Manhattan Beach  90266     26       -50%  $1,435,000  -17%  
Redondo Beach    90277     11       -45%    $800,000  -31%
Redondo Beach    90278     19       -27%    $725,000   -6%

------------------------ CONDO ----------------------------------
COMMUNITY          ZIP    Apr     %YOY       Apr       %YOY
                          Sales   Change    Price     Change
L.A. County                919     -40%    $400,000   -10%
El Segundo       90245       3     -40%    $799,000   +28%
Hermosa Beach    90254       6     +20%    $826,000   +10%
Manhattan Beach  90266       0     N/A         N/A     N/A 
Redondo Beach    90277       8     -70%    $738,000    -7%
Redondo Beach    90278      21     -30%    $612,000   -18%

This is now 2 months with no condo sales in Manhattan Beach.

Palmdale in north Los Angeles County is an area that has been particularly hard hit. In the old bubble boom days, the "highly desirable" model homes, the ones with full lush landscaping and marble counters and granite floors got sold at premium prices at auction. Not any more. Kennedy Wilson Auction Group is scheduling a June 1 auction to get rid of 17 luxury model homes. The starting prices will range between $125,000 and $250,000, down from $289,000 to $605,00 during the bubble peak. You can see the auction website here. One quote in the article that was amusing - Our program works for builders because we price them below market, and let the buyers determine the market.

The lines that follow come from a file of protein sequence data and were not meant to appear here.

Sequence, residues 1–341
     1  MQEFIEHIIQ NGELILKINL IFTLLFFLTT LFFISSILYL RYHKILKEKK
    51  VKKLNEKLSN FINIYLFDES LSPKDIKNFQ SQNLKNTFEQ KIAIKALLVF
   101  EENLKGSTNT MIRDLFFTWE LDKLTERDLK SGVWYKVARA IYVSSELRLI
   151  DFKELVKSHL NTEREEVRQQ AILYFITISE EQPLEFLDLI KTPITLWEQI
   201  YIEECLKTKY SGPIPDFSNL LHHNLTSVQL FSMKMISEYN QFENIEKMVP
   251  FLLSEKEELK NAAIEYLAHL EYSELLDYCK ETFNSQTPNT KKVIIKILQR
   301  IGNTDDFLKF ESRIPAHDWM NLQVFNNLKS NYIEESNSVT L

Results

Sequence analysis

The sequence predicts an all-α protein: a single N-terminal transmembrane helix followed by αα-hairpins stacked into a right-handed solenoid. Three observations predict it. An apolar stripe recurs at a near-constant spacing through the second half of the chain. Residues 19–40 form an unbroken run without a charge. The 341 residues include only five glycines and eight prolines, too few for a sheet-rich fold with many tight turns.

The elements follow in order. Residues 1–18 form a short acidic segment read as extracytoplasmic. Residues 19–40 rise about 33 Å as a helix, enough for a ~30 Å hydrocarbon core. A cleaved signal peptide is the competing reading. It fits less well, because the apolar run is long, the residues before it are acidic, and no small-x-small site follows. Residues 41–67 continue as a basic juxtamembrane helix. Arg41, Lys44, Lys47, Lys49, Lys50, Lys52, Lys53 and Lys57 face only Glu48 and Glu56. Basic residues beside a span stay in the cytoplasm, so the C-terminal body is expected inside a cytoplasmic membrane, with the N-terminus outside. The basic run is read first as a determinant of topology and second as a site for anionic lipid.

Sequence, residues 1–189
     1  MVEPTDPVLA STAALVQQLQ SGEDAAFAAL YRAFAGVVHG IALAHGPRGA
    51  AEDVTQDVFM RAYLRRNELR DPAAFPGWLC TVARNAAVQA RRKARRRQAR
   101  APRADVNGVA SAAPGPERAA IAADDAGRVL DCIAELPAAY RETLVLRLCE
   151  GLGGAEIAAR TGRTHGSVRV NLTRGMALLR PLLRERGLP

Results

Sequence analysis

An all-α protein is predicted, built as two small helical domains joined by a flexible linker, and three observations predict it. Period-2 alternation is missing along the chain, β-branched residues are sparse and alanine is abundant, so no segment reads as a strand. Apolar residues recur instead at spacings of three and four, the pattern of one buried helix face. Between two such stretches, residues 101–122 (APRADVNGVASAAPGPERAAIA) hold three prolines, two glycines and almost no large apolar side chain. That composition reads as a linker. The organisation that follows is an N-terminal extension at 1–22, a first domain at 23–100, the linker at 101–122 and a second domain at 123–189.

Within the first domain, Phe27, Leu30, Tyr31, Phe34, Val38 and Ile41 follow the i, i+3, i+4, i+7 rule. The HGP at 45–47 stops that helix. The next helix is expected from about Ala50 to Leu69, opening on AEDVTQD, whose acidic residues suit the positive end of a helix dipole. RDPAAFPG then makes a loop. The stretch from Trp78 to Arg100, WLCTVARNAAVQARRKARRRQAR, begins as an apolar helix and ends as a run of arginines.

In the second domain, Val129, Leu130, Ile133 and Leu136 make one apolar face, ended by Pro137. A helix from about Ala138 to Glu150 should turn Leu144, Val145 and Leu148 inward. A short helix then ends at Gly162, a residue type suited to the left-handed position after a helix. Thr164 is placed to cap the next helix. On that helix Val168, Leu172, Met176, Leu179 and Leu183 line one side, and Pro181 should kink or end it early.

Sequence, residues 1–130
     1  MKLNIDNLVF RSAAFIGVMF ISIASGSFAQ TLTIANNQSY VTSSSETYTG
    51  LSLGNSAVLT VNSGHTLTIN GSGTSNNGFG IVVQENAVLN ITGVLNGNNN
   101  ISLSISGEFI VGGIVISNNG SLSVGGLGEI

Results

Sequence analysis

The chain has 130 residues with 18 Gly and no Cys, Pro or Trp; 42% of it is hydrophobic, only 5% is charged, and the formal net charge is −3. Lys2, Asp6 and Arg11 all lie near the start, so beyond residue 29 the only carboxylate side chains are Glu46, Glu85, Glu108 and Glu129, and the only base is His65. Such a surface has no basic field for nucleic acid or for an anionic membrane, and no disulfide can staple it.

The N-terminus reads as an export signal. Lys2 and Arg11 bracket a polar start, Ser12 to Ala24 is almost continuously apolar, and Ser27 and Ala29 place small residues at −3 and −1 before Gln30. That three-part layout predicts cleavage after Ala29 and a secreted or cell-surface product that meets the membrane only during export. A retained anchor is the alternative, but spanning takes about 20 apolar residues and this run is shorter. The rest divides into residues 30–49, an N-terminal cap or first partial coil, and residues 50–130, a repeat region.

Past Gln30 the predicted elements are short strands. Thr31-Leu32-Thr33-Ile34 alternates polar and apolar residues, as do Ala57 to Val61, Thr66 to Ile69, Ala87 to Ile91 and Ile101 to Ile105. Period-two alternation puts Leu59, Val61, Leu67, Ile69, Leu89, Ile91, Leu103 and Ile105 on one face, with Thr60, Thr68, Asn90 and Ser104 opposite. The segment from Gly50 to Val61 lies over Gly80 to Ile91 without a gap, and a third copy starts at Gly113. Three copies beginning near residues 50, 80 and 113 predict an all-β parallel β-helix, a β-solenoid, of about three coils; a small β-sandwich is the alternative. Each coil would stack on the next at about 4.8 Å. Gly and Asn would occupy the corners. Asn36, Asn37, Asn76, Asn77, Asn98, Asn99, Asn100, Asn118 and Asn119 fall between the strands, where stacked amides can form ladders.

The most expensive homes (SFRs) in April were in Beverly Hills 90212 (+16% YOY) and 90210 (+18%); Santa Monica 90402 (-29%); Malibu 90265 (-28%); West Hollywood 90069 (-12%); Pacific Palisades (-4%); Brentwood 90049 (-16%); Palos Verdes Estates (+40%); San Marino (+26%); and Laurel Canyon 90046 (+64%).

The most expensive condos were in Hermosa Beach 90254 (+10%); El Segundo 90245 (+28%); Santa Monica 90403 (-3%) and 90405 (+6%); Marina del Rey (-6%); Redondo Beach 90277 (-7%); S. Robertson/Fairfax area 90035 (+26%); Warehouse District 90021 (+7%); and Brentwood 90049 (-19%).

The areas with the greatest SFR price losses in April were in Glendale 91202 (-55%); Long Beach 90813 (-46%); Bel-Air 90077 (-44%); Littlerock 93543 (-44%); San Pedro 90732 (-40%); Long Beach 90810 (-40%); Downey 90240 (-40%); South L.A. 90001 (-39%); Lancaster 93534 (-39%); and Palmdale 93550 (-39%).